Claudio Abbado, an Italian conductor whose wide-ranging mastery of symphonic and operatic repertory and attention to detail drew comparisons to more famous maestros Carlo Mario Giulini, Arturo Toscanini and Herbert von Karajan, has died. He was 80.
A former music director of the Teatro alla Scala in Milan, the London Philharmonic, the Vienna State Opera and the Berlin Philharmonic, Abbado died Monday at his home in Bologna, the mayor's office announced.
The cause was not given, but Abbado underwent surgery for stomach cancer in 2000.
One of his last notable concerts was leading Mahler's Third Symphony — at 13/4 hours, the longest in the standard repertory — with the Lucerne Festival Orchestra at the Royal Albert Hall in London in 2007.
"Everything he did in this extraordinary performance was directed at sustaining an ensemble in which everyone listens intently to what all their colleagues are doing and responds instinctively," reviewer Andrew Clements wrote of the concert in England's Guardian newspaper. "The result was totally coherent and miraculously transparent. ... No one who heard this performance is likely to forget it; Abbado's Mahler, like Furtwängler's Wagner and Klemperer's Beethoven in previous generations, is just peerless."
Abbado last appeared in the Southland in 2001, when he conducted the Berlin Philharmonic in two concerts primarily of Beethoven symphonies at the Orange County Performing Arts Center.
"Abbado has given the players a sense of freedom and individuality, without lessening the phenomenal ensemble playing that is Berlin's hallmark," wrote Times music critic Mark Swed.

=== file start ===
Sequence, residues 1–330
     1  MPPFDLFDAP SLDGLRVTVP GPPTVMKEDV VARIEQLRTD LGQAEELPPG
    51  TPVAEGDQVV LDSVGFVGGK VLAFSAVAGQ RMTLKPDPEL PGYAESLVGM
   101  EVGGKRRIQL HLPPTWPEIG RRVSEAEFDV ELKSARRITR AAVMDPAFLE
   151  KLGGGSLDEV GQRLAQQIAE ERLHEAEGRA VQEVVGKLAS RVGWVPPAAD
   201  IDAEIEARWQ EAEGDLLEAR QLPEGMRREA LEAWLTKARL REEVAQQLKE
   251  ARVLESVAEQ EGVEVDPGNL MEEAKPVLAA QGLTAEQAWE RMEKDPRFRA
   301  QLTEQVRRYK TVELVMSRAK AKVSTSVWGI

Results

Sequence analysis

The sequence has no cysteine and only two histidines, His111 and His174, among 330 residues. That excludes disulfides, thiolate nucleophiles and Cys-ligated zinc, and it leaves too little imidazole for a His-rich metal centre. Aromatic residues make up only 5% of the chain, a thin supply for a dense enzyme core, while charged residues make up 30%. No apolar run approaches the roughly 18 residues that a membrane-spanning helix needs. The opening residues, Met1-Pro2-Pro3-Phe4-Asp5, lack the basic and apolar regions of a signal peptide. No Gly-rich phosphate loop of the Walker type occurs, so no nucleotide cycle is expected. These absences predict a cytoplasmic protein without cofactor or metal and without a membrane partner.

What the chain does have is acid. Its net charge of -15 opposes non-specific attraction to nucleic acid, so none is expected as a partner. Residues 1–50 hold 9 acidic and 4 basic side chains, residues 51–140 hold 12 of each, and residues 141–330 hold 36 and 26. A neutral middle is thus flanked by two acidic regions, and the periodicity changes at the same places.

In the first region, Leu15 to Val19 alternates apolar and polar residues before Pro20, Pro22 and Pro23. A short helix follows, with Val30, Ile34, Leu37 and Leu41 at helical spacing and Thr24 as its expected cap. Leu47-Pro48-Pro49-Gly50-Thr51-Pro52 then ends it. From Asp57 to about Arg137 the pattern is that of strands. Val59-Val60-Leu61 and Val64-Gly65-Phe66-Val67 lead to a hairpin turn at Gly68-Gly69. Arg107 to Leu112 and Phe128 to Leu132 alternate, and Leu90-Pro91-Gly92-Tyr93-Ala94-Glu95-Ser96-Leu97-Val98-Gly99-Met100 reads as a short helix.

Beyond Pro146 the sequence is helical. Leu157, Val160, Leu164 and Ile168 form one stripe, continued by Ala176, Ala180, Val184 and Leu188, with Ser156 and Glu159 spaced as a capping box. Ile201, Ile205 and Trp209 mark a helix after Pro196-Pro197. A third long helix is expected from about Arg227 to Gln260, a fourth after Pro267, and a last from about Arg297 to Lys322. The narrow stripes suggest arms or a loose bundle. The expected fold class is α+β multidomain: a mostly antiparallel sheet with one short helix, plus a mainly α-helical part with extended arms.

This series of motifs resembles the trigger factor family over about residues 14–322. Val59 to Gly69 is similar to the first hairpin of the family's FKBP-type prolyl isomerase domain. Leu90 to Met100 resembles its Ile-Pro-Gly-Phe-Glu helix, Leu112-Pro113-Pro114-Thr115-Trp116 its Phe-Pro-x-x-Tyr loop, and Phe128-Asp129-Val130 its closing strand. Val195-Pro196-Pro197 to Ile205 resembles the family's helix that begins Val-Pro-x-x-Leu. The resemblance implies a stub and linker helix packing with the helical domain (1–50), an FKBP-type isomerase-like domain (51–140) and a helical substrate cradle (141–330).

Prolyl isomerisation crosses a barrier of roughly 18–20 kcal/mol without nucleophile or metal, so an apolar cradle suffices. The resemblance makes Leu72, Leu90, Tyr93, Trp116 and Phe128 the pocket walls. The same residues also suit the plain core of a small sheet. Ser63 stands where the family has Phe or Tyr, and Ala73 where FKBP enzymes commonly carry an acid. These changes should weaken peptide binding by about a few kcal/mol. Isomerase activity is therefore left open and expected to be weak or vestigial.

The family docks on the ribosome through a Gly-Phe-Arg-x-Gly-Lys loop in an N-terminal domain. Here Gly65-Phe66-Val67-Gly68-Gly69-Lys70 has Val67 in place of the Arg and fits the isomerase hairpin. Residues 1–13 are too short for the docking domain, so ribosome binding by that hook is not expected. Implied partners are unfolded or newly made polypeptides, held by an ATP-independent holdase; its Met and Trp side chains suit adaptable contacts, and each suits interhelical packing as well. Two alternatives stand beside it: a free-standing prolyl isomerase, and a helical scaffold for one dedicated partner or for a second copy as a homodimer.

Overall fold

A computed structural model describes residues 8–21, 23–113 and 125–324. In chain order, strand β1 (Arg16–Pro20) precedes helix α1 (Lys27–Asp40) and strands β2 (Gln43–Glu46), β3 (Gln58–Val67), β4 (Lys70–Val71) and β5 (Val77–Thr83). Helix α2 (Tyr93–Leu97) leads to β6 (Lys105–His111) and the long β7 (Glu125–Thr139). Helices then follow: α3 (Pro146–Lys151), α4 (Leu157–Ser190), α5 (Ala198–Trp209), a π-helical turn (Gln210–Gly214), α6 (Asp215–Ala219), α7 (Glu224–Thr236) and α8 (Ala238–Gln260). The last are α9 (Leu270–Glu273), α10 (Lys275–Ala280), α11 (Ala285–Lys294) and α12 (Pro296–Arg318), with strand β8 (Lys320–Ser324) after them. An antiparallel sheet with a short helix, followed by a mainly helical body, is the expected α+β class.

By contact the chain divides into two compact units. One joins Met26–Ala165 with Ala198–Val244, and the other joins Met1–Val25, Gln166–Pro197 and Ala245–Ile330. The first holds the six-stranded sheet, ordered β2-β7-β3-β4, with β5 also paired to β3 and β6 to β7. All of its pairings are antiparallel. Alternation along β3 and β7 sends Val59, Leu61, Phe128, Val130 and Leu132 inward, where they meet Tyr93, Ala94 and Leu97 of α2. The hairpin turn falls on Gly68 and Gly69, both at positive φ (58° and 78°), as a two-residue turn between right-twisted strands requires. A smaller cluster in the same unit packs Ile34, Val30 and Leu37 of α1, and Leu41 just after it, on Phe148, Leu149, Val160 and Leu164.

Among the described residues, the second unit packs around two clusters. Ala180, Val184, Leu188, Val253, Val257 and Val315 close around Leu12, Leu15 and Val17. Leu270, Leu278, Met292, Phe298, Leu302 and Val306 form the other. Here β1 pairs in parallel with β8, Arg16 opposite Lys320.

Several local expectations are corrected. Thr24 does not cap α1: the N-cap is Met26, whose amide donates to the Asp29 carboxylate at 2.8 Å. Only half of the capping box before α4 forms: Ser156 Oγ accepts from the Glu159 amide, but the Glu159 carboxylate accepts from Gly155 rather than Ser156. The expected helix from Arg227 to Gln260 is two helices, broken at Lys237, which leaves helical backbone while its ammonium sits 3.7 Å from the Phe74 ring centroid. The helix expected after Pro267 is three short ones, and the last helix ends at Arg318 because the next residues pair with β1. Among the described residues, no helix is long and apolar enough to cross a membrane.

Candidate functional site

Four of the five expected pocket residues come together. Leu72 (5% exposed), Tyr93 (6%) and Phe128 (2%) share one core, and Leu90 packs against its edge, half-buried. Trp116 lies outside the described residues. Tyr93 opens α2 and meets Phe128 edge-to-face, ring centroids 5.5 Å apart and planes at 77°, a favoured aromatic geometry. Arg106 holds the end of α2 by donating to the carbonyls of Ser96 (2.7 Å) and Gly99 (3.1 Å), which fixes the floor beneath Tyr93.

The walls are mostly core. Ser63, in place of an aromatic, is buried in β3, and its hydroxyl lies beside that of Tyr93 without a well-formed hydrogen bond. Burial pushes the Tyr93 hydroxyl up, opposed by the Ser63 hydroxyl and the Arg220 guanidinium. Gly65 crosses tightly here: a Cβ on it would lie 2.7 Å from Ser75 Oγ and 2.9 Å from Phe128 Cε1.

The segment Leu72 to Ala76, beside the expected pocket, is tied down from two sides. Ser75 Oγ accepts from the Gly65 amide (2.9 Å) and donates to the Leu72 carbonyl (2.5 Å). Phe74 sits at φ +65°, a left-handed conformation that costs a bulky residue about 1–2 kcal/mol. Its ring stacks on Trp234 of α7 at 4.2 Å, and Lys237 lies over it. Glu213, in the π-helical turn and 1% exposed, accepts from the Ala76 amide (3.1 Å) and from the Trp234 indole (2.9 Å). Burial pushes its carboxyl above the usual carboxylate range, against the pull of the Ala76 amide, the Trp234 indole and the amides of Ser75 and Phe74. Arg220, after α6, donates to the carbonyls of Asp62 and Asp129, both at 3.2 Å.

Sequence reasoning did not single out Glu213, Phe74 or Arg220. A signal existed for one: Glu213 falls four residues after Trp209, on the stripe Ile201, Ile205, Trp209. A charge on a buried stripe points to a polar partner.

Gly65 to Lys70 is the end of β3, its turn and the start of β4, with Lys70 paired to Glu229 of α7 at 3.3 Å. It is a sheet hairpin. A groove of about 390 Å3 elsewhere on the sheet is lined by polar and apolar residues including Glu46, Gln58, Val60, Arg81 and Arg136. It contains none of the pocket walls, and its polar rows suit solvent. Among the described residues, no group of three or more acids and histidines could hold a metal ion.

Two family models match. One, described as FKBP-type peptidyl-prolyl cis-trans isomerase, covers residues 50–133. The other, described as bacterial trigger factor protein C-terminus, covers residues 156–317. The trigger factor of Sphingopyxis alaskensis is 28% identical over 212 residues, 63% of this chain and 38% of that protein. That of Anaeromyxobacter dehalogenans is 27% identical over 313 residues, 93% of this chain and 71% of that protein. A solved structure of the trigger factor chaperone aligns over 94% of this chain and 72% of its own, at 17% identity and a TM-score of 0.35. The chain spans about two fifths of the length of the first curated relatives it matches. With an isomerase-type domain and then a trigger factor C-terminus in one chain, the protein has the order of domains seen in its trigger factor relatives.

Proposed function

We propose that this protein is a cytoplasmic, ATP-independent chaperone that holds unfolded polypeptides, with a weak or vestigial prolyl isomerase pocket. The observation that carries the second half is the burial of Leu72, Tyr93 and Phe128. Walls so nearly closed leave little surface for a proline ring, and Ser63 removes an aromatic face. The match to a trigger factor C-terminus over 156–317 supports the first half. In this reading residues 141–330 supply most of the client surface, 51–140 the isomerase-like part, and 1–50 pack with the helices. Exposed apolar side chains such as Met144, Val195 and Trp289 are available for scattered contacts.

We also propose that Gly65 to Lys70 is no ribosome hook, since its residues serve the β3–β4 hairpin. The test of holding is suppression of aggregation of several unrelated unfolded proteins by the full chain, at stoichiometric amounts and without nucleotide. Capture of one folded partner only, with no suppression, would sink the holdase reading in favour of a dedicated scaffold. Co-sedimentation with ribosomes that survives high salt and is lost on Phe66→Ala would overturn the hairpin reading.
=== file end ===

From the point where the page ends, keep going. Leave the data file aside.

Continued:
Abbado achieved that combination through a lifelong devotion to meticulous preparation in rehearsal in order to achieve intense spontaneity in performance.
"I kept wondering when the blinding light of inspiration was about to hit us," a former concertmaster with the London Symphony said in 1987, speaking about Abbado's rehearsals.
"It never did. He has a highly analytical, careful approach, leaving nothing to chance. But in concert, the man seems to throw his reserve aside and go 150% all out for the music. It is electrifying. He can conserve everything until that moment. It is as though after the cerebral approach to making music in rehearsal, he allows himself the luxury of turning the emotional tap on."
Abbado was born June 26, 1933, into a musical Milanese family. His father was a professional violinist. His mother was a pianist. His brother was a pianist and composer who eventually became director of the Milan Conservatory. His sister studied violin.
A visit to La Scala when he was 8 determined his future goal. "One day," he wrote in his diary after the performance, "I will conduct."
But first he threw himself into study of the piano and soon was accompanying his father in piano-violin duets. For a while, he was torn between piano, which he studied at the Milan Conservatory until 1955, and conducting, which he studied under Hans Swarowsky at the Vienna Academy of Music after graduating from the conservatory. Conducting won out.
A classmate and friend in Vienna was Zubin Mehta, future music director of the Los Angeles and New York philharmonics. In order to study the work of conductors in rehearsals, which were closed to students and the public, the two auditioned for the Musikverein Chorus. Once accepted in the bass section of the chorus, they scrutinized conductors such as Karajan and Bruno Walter.
After graduating, the two went to the Tanglewood Festival near Boston, where Abbado beat out Mehta to win the Serge Koussevitsky Prize for conducting in 1958. The award came with an offer to take over an American orchestra, but Abbado turned it down to return to Europe for further studies.
In 1963, he shared the prestigious Dimitri Mitropoulos prize for conducting with Zdenek Kosler and Pedro Calderon. The prize included a $5,000 award and a yearlong assistant conductor post at the New York Philharmonic under Leonard Bernstein. Of the three, Abbado was the only one to go on to a major international career. Still feeling insufficiently prepared, however, when the year was up Abbado returned to Europe for further study.